Rare Diseases pp 131-157 | Cite as

Adeno-Associated Virus Gene Therapy and Its Application to the Prevention and Personalised Treatment of Rare Diseases

  • Konstantina GrosiosEmail author
  • Harald Petry
  • Jacek Lubelski
Part of the Advances in Predictive, Preventive and Personalised Medicine book series (APPPM, volume 6)


Gene therapy has always found a home in rare diseases and the approval of Glybera® for lipoprotein lipase deficiency has marked a major milestone in gene therapy and has brought this type of therapy even closer to clinical practice. There is little closer to the personalisation of medicine than the ability to repair or restore the function of a person’s own faulty genes, the core principle of gene therapy. It is therefore reasonable to argue that gene therapy is the ultimate personalised medicine. At the same time, advances in scientific understanding and technological ability to analyse the human genome imply that gene therapy could also be used to prevent the development of disease. Using examples from the AAV-based gene therapy field as is applied to rare diseases, the first section of this chapter aims to illustrate how gene therapy aligns to the principles of PPPM whereas the second part of the chapter intends to provide an in depth review of the developments in the AAV field that underpin the use of these viruses as gene therapy delivery systems.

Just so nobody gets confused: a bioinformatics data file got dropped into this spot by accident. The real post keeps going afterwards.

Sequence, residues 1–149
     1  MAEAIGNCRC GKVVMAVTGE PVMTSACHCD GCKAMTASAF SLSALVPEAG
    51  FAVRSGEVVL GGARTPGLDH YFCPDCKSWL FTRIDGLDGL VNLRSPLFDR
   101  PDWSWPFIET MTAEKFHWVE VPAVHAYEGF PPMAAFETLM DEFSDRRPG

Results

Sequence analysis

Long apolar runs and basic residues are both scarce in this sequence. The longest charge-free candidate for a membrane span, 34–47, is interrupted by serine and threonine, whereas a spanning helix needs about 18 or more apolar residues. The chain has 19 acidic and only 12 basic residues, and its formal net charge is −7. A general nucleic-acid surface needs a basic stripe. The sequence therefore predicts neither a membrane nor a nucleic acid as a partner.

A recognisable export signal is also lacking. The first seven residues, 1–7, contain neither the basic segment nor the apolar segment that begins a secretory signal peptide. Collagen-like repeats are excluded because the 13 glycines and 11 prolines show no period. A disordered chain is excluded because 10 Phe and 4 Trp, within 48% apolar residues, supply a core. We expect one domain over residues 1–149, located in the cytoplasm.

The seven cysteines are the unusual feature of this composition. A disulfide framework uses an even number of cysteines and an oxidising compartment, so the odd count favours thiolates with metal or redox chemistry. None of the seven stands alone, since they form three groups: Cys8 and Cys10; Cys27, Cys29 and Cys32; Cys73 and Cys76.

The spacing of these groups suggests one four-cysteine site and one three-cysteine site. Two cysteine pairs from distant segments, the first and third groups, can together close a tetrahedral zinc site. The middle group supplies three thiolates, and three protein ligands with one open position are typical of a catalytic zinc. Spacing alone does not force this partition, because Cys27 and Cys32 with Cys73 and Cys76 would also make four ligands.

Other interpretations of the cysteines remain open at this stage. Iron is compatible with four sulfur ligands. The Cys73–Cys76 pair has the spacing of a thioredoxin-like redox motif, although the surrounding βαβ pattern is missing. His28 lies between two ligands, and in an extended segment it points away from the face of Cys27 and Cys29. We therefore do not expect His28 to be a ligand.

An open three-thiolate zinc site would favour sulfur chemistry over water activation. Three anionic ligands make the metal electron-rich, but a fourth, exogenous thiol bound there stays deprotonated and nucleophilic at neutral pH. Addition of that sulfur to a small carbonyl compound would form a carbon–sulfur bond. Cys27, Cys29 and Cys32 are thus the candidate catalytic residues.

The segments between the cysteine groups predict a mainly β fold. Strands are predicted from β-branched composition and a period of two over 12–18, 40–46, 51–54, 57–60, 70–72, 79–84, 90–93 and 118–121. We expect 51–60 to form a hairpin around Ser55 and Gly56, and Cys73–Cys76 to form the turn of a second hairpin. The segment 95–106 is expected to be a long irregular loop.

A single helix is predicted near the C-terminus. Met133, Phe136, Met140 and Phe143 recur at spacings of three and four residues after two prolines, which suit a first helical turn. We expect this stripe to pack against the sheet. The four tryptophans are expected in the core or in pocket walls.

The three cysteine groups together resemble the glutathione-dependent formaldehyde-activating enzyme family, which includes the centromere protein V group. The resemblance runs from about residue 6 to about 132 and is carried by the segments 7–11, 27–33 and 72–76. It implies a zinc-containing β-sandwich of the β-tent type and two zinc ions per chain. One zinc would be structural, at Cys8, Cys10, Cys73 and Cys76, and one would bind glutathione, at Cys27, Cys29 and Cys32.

PPPM-Related Keywords

Gene therapy Adeno-associated viral vectors Rare disease prevention Rare disease personalised treatment Alipogene tiparvovec Glybera® Predictive, preventive and personalised medicine 


  1. 1.